Rosanne Sulock wandered into the Devon Horse Show and Country Fair when she was a teenager. It was 1966, and her passion for everything equestrian took her to the grounds all by herself. This week, she was at the 119th show with her two daughters and 1-year-old grandson. "I come every year," said Sulock, 67, of North Wales. More than a century ago, Terry Losse's great-grandmother was a judge at the show. His family has attended it ever since, and this week Losse, 79, came from Delaware to see it for the sixth decade running.
NEWS
May 22, 2015 | Dan Spinelli, Daily News Staff Writer
AFTER A RESOUNDING win in the Democratic mayoral primary, Jim Kenney mingled with Gov. Wolf, Republican challenger Melissa Murray Bailey and area homeless. Kenney joined a mishmash of political elites and poverty-stricken locals at a luncheon and fundraiser at Broad Street Ministry, in Center City. The luncheon, which was free to attend, was Kenney's and Bailey's first postprimary election event. BSM board co-chairman Richard Keaveney praised Kenney for celebrating his primary victory with a fundraiser instead of a ritzy lunch.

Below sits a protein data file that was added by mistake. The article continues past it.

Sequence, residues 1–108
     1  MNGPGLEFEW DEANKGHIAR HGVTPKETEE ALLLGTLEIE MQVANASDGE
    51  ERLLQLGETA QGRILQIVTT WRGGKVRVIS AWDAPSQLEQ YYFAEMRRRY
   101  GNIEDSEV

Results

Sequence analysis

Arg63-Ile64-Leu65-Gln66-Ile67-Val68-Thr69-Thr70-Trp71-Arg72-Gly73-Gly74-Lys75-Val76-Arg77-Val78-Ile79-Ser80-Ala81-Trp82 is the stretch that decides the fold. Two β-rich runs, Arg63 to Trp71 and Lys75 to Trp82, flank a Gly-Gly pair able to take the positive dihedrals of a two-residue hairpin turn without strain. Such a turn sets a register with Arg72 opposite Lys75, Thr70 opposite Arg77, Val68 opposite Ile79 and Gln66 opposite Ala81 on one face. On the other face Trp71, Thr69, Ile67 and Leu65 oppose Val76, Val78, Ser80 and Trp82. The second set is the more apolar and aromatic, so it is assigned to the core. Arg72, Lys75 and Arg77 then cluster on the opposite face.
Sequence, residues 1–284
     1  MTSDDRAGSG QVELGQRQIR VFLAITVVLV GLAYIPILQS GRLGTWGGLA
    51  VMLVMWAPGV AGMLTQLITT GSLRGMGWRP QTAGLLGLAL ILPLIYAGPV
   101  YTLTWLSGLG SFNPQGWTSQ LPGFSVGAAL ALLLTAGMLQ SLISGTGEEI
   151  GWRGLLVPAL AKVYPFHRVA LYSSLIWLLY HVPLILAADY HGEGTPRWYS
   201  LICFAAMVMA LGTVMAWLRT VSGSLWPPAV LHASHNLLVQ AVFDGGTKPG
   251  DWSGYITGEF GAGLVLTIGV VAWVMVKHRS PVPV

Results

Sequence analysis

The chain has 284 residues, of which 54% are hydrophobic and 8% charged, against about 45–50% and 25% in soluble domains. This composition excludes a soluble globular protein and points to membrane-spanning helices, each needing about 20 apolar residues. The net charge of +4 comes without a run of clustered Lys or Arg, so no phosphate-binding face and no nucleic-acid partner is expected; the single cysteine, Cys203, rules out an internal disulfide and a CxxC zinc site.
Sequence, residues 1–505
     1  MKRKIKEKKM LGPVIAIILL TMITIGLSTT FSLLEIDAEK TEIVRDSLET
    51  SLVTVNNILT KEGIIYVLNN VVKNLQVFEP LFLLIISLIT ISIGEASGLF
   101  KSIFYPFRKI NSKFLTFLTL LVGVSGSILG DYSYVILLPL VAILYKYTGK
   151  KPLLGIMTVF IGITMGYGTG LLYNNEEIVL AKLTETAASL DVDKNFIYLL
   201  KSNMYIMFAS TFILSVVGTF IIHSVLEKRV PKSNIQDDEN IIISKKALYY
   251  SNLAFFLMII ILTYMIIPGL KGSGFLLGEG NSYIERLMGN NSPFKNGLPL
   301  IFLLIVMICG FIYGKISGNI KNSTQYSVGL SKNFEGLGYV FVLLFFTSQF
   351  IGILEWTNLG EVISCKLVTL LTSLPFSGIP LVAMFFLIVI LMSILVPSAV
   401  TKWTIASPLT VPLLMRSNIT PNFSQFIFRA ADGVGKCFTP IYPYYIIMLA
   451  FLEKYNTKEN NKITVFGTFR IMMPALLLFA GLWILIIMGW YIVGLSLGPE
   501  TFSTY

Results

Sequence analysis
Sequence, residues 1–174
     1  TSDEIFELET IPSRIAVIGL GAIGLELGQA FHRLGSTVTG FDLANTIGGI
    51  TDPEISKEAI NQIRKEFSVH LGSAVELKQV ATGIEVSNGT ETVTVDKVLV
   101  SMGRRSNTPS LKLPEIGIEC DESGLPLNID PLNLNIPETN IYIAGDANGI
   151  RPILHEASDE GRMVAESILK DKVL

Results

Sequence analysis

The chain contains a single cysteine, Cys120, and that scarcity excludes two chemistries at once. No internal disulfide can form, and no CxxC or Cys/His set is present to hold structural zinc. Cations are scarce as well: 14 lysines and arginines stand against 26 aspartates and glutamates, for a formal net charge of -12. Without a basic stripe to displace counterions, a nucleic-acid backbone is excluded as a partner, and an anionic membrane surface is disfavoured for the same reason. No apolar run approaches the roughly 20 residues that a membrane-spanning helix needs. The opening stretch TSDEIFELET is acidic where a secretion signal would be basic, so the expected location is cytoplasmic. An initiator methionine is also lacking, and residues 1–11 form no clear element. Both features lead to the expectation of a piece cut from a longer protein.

NEWS
May 12, 2015 | BY JOHN F. MORRISON, Daily News Staff Writer morrisj@phillynews.com, 215-854-5573
SANDRA L. STIBBINS would have been out there yesterday, marching with the other cancer patients and survivors in the annual Susan G. Komen Philadelphia Race for the Cure. She made every march in recent years, dressed in the pink costume that every marcher wears, symbolic of this Mother's Day event in the ceaseless battle against cancer. But this year Sandra couldn't make it. She died of cancer May 2 at age 57. An ebullient, high-spirited woman, she would have been laughing and waving at the crowds along the line of march, as she did every year.
NEWS
May 9, 2015 | By Jessica Parks, Inquirer Staff Writer